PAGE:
“Everybody Hurts” (1 Peter 3:8-18)

Live long enough, you’ll bleed.  Perhaps the saddest thing about our pursuit of comfort is the fact that we never actually catch it.  Life is full of suffering; no one gets out of here alive.

C.S. Lewis—the brilliant mind behind the Narnia series—once wrote that “crises reveal character.”  Sometimes suffering says more about our hearts than it does our circumstances.  Very often suffering reveals our idols—reveals where we look for comfort and security.  When our idols are threatened, we become bitter, angry, resentful.

Suffering also says a lot about our religious commitments.  If I am a deeply religious person, my tendency is to make an idol out of my religious performance.  I may be a pillar in my community, a well-respected member of my Church.  But when suffering comes, I don’t know how to handle it.  Wasn’t I good enough?  Is God angry with me?  I may become bitter, guilty, and depressed as I struggle to understand what’s happening.  I may search for someone else to blame—casting myself as an innocent victim of wicked circumstances.  If only the government would come through for us…then I wouldn’t be in this mess.

If I’m a very non-religious person, I may view myself as basically a good person.  So when suffering comes, I don’t know how to react.  I may become bitter toward God for allowing bad things to happen to good people.

Suffering is one of our oldest questions.  The Biblical character Job wrote a whole book about suffering before most of the Bible was even written.  But when we look at the reality of the fallen world we live in, we realize that there’s nothing about suffering that should surprise us.  In fact, the Bible promises that those who follow after God will often reap hostility from others.  This is why Peter would encourage the early Christians to persevere despite their persecution.

1 Peter 3:8-18

Finally, all of you, be like-minded, be sympathetic, love one another, be compassionate and humble.Do not repay evil with evil or insult with insult. On the contrary, repay evil with blessing, because to this you were called so that you may inherit a blessing. 10 For, “Whoever would love life and see good days must keep their tongue from evil and their lips from deceitful speech. 11 They must turn from evil and do good; they must seek peace and pursue it. 12 For the eyes of the Lord are on the righteous and his ears are attentive to their prayer, but the face of the Lord is against those who do evil.”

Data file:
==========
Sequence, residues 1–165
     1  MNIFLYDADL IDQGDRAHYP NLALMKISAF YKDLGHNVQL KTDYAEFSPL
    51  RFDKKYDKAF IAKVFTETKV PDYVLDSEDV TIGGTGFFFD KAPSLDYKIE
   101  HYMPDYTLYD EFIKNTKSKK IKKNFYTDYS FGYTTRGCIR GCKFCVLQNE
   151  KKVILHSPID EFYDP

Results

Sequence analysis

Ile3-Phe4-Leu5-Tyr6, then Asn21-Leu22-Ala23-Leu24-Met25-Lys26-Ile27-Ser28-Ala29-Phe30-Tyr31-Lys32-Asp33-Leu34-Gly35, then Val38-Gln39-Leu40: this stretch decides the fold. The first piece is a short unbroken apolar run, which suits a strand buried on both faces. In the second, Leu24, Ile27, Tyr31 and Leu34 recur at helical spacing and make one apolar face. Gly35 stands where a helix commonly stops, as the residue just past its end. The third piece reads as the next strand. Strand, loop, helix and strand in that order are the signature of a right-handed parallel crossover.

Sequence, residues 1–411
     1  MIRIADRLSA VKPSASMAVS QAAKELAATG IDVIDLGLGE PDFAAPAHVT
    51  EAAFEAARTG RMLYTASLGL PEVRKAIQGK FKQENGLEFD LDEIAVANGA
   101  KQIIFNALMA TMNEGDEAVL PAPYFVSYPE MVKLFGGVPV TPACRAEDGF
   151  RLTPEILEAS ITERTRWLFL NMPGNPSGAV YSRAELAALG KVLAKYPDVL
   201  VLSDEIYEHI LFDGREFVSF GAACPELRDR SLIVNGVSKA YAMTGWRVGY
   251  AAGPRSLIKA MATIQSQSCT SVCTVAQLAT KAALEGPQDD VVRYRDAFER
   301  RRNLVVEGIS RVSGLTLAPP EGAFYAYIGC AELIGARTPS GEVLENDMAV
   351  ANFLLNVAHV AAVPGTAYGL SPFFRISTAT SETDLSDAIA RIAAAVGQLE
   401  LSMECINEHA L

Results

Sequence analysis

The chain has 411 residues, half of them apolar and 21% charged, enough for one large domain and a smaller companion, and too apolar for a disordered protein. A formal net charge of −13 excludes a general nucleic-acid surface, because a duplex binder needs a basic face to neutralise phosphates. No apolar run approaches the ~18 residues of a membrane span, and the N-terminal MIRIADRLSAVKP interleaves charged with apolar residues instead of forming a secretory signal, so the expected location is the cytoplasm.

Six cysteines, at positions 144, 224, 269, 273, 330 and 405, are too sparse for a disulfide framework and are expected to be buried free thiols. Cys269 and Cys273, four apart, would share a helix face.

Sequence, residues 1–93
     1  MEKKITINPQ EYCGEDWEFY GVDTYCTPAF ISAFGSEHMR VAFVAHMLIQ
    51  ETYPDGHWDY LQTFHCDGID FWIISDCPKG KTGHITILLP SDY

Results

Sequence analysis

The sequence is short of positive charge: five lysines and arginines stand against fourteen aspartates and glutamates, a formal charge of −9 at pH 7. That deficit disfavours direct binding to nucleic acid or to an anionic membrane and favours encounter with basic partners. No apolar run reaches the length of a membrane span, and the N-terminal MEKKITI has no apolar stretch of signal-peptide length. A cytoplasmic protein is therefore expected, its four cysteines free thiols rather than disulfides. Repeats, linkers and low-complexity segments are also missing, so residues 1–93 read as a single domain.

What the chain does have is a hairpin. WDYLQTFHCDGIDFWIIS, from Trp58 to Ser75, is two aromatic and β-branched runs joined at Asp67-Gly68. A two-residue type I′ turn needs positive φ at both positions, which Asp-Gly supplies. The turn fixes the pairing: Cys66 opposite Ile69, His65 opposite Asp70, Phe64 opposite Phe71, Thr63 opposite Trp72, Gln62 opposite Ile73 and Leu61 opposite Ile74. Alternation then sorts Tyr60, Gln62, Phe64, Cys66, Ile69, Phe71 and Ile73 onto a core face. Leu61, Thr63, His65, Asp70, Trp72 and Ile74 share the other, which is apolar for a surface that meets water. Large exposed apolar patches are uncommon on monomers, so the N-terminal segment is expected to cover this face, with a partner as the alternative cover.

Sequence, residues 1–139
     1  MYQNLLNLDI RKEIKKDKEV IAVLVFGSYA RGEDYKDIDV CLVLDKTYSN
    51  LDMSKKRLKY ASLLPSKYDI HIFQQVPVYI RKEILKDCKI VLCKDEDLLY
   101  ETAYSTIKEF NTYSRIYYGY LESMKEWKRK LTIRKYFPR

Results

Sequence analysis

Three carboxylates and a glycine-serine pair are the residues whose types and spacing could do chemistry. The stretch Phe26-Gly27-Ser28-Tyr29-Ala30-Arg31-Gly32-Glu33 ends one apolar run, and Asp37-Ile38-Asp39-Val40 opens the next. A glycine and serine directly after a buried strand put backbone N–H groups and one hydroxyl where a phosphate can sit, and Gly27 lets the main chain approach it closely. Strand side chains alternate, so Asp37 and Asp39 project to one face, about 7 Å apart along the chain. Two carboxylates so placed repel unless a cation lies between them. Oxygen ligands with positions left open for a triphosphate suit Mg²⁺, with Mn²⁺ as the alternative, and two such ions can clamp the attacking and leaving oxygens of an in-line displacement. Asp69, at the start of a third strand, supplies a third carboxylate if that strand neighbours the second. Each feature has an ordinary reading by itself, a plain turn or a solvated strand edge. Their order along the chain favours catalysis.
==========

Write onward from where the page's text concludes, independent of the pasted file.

13 Who is going to harm you if you are eager to do good? 14 But even if you should suffer for what is right, you are blessed. “Do not fear their threats; do not be frightened.” 15 But in your hearts revere Christ as Lord. Always be prepared to give an answer to everyone who asks you to give the reason for the hope that you have. But do this with gentleness and respect, 16 keeping a clear conscience, so that those who speak maliciously against your good behavior in Christ may be ashamed of their slander. 17 For it is better, if it is God’s will, to suffer for doing good than for doing evil. 18 For Christ also suffered once for sins, the righteous for the unrighteous, to bring you to God. He was put to death in the body but made alive in the Spirit. 19 After being made alive,he went and made proclamation to the imprisoned spirits— 20 to those who were disobedient long ago when God waited patiently in the days of Noah while the ark was being built. In it only a few people, eight in all, were saved through water, 21 and this water symbolizes baptism that now saves you also—not the removal of dirt from the body but the pledge of a clear conscience toward God. It saves you by the resurrection of Jesus Christ, 22 who has gone into heaven and is at God’s right hand—with angels, authorities and powers in submission to him.

The message of the gospel is radical.  We shouldn’t be surprised when the righteous suffer—we should expect it.  Jesus lived, suffered, and died despite His sinless obedience to God.  Why would we expect anything different for ourselves?  We therefore encounter suffering not with clenched fists, but with soft tears.

In the middle of this section we find the key verse: “Always be prepared to give an answer for the hope that you have” (1 Pe 3:15).  Why would a message about suffering suddenly turn to the need for evangelism?  Because if crises reveal where we place our hope and trust, then crises also provide opportunities to point others to that same hope.  “Everybody Hurts,” writes the rock band R.E.M.  “When you’ve had too much of this life, hold on.”  Suffering forces us to evaluate what it is we hold onto.  Peter is offering the Church something to hold onto: the gospel.

This is why the rest of the section is Peter’s way of unpacking this message.  Do you hear what Peter is saying in verses 18-19?  He’s emphasizing the death and the resurrection of Jesus, the cross and the empty grave.  Chances are, we don’t always have a good answer to the questions that arise during times of suffering.  But the gospel tells us what the answers can’t be.  The cross tells us that the answer can’t be that God’s not loving, because He cared enough to send His Son.  The empty grave tells us that the answer can’t be that God’s not powerful, because He raised His Son from the dead.  Suddenly the gospel shifts from merely “religious” knowledge to personal conviction.  If this world is all there is, then suffering robs our world of meaning.  With eternity in view, suddenly we find ourselves waiting for God to make all things new.

So as we head into the world, we do so with the expectation that we’ll bleed—some of us more than others.  But we enter the world with the confidence in a God of love and a God of power. It is His message, His gospel that we carry into a hurting and dying world, offering them the simple message: hold on.  Hold on.  Hold on.

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